The Ninth Circuit Court of Appeals also ruled against the claim that student-athletes were employees of the National Collegiate Athletics Association (NCAA) under the FLSA in 2019, but instead of focusing on the Seventh Circuit’s rationale in Berger, the Court looked at whether the NCAA had the authority to hire and fire, supervise, and compensate student-athletes (Dawson v. NCAA, 932 F.3d 905, 907 (9th Cir. 2019)).
Despite several prior legal rulings against claims that student-athletes should be treated as employees, the tide began to turn in 2021 with an antitrust case where student-athletes successfully challenged the NCAA’s rules limiting education-related benefits that participating schools were allowed to provide (NCAA v. Alston, S. Ct., Dkt. No. 20-512, 06/21/2021 ). “Prior to Alston, there was a general consensus that student-athletes were not employees as far as the FLSA was concerned,” Henson said.
He further explains that the Supreme Court’s unanimous decision siding with the student-athletes in Alston “signaled how the Court would likely rule if the question of student-athletes employment status had been before it.” Key language that Henson points to from the Court’s ruling involves referring to student-athletics as a “profitable enterprise” and that the NCAA was “depressing wages” of “student-athlete labor.”
Henson also spoke to the Court’s casting off the “so-called ‘tradition of amateurism’ that it had previously recognized as merely a ‘passing comment’” and added it “made clear its view that the economic realities of at least some portion of student-athletics are that of a labor market.” He notes that the Court “left little reason to doubt that it would conclude student-athletes could be employees under the FLSA.”
Current challenge a potential game-changer
According to Henson, the Alston ruling “paved the way for the latest FLSA challenge” where several “student-athletes brought suit against 25 NCAA Division 1 member schools and the NCAA itself.” Currently, the case is pending an appeal in the Third Circuit after the Eastern District of Pennsylvania concluded that the student-athletes plausibly alleged they are employees of the schools for purposes of the FLSA (Johnson v. NCAA, 556 F.Supp.3d 491 (E.D. Pa. 2021)).”[The case] may be the vehicle by which this question is finally answered by the Supreme Court,” Henson stated.
Legislation on student-athletes
On the legislative side of the fence, a number of new federal name, image, and likeness (NIL) bills have recently been introduced in Congress that touch on the student-athletes as employees subject. On July 26, 2023, the College Athlete Economic Freedom Act was reintroduced by Senator Chris Murphy (D-CA) and Representative Lori Traham (D-MA) with a provision that would allow international college athletes to market their NIL in the same ways their non-immigrant peers can without losing their F-1 (Academic Student) visa status, including in the case that athletes become employees of their schools and/or athletic associations.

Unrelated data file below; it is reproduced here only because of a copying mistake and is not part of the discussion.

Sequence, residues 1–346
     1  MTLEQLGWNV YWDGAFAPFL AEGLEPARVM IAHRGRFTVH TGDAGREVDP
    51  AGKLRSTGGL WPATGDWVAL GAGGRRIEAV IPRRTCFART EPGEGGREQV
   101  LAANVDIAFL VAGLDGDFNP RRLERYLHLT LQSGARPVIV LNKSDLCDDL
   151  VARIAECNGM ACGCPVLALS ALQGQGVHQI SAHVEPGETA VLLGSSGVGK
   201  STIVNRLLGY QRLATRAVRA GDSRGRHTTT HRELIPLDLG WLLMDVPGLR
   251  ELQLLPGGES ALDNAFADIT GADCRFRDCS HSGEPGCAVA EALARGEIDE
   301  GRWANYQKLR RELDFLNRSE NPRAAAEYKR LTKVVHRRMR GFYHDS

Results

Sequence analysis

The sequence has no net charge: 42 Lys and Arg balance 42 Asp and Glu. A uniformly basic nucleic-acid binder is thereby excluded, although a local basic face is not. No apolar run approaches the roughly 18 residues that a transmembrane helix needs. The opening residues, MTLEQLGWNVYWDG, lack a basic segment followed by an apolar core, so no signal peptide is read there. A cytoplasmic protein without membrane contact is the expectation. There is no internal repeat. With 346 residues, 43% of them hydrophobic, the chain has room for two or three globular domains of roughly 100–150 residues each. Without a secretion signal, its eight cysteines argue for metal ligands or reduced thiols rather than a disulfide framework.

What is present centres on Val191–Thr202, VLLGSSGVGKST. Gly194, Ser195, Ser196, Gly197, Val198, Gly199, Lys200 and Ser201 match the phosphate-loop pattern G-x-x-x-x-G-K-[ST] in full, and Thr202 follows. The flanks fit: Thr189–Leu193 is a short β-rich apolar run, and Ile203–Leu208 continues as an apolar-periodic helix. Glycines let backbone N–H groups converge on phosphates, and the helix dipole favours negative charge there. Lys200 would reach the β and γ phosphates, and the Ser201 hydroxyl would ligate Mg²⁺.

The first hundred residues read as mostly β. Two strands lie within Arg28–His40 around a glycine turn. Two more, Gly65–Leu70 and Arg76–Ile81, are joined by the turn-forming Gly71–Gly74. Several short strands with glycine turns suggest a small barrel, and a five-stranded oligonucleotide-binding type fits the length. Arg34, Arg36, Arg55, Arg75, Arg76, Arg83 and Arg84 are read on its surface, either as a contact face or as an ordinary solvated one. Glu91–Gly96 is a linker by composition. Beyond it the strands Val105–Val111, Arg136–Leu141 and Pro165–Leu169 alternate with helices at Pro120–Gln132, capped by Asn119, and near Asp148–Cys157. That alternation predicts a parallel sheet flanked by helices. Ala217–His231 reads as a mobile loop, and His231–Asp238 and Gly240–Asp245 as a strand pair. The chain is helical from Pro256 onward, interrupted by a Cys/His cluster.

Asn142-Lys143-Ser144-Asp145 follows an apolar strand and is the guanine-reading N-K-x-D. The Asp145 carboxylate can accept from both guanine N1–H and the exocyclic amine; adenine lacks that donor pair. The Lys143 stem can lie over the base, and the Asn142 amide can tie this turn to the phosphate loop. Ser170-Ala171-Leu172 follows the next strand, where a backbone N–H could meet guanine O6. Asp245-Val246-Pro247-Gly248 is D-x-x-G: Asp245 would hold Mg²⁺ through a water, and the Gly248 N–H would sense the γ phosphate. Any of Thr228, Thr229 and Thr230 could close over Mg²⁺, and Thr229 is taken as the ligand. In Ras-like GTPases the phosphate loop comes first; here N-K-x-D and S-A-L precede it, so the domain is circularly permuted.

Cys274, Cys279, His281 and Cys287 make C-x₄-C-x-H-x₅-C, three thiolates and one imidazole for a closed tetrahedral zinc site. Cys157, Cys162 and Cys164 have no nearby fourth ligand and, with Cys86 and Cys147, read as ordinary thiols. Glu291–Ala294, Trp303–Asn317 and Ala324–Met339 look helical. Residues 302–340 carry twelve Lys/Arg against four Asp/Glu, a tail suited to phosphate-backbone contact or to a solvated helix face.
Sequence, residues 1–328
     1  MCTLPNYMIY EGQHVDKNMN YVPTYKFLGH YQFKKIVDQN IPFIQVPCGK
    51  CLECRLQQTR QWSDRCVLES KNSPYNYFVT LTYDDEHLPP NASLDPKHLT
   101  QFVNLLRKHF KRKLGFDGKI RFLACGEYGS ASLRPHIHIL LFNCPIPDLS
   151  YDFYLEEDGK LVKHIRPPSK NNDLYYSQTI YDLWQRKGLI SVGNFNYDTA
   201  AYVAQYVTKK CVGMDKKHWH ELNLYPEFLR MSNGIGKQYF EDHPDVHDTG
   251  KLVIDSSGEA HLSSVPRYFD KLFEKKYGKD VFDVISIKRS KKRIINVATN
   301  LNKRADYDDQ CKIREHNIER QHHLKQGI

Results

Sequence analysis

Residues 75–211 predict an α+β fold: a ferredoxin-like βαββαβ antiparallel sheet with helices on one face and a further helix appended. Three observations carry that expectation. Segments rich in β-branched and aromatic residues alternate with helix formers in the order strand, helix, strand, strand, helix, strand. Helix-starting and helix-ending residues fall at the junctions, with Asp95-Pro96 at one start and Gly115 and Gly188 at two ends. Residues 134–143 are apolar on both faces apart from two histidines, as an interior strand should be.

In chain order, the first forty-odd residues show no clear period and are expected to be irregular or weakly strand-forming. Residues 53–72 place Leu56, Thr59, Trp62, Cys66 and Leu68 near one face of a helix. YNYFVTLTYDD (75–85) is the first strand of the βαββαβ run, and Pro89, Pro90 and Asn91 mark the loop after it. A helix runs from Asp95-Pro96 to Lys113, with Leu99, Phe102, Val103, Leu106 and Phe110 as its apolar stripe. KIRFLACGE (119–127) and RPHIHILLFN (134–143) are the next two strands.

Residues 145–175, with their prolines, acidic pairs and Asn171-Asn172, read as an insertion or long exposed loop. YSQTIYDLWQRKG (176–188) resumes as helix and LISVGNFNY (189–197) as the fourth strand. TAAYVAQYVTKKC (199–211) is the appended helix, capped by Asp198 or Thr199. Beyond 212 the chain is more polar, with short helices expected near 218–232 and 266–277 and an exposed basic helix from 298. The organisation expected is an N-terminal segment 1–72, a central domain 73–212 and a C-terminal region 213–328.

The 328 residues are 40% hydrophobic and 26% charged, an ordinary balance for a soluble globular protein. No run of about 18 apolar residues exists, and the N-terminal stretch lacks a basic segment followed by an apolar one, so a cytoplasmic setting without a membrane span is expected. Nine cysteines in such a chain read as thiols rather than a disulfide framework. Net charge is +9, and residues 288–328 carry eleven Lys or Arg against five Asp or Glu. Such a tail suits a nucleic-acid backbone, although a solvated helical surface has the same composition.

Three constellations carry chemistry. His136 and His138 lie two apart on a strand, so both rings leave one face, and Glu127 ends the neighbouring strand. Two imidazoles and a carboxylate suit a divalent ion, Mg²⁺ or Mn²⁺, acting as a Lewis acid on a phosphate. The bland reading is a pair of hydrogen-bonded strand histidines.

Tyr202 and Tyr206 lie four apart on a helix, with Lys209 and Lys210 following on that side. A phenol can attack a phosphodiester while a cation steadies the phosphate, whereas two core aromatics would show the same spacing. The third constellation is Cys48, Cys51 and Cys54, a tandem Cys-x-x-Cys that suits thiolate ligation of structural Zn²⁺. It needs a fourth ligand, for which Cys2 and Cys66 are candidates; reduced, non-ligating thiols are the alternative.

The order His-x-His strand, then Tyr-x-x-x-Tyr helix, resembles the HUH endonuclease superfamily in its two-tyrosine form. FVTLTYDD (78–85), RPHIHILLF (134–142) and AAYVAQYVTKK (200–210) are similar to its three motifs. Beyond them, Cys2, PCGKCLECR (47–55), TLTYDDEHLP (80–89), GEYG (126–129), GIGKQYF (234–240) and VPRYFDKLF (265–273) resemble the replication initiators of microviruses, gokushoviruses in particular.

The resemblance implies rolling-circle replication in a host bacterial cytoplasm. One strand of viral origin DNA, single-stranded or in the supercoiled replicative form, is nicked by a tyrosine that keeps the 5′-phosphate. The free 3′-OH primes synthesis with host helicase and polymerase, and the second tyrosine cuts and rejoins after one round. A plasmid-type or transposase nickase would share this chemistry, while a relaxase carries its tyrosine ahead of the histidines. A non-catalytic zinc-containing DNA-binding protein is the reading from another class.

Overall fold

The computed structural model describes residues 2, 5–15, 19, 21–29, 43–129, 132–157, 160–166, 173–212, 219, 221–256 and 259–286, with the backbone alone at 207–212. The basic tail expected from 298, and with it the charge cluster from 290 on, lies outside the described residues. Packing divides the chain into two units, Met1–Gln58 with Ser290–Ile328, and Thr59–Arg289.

Some bills seek to clarify student-athletes are not employees
Other legislation intends to codify that student-athletes are not employees. Back in May 2023, Representatives Mike Carey (R-OH) and Greg Landsman (D-OH) reintroduced the Student-Athlete Level Playing Field Act that would prohibit universities from restricting student-athletes from entering into NIL deals and ensure student-athletes would not be considered employees of universities.
Also, Senator Ted Cruz (R-TX) announced draft legislation on August 3, 2023, that says a student-athlete would not be considered an employee of an institution, conference, or interstate intercollegiate athletic association for purposes of any federal or state law based on the student-athlete’s participation in, or status as a member of, any varsity sports team.
Enacted legislation could stop possible success in the courts
Henson said that Cruz’s proposal “would remove the specter of student-athletes being deemed employees of their institutions under federal law and would also preempt any state law to the contrary.” He added that from the NCAA’s perspective, it would provide legal clarity, and if such a bill was passed, Henson does “not see a high likelihood of success in a hypothetical legal challenge.”
Henson believes more federal legislative action on this topic should be expected and that a resolution to the question may come from an act of Congress in one form or another.
FLSA compliance required if ruling favors student-athletes
However, if the Supreme Court rules on the classification of student-athletes as employees before any pending legislation on the matter has been signed into law, Henson says “that would necessarily require the schools to comply with the FLSA, including by paying overtime and minimum wage.” He noted that DOL “guidance for employers of student-athlete-employees is unlikely to be different than it is for other employees.”
Other issues to consider
He additionally explains that “there can be no doubt that payroll costs will increase substantially if student-athletes are deemed employees of their educational institutions,” which may include cutting sports programs or perhaps reducing the roster of existing sports.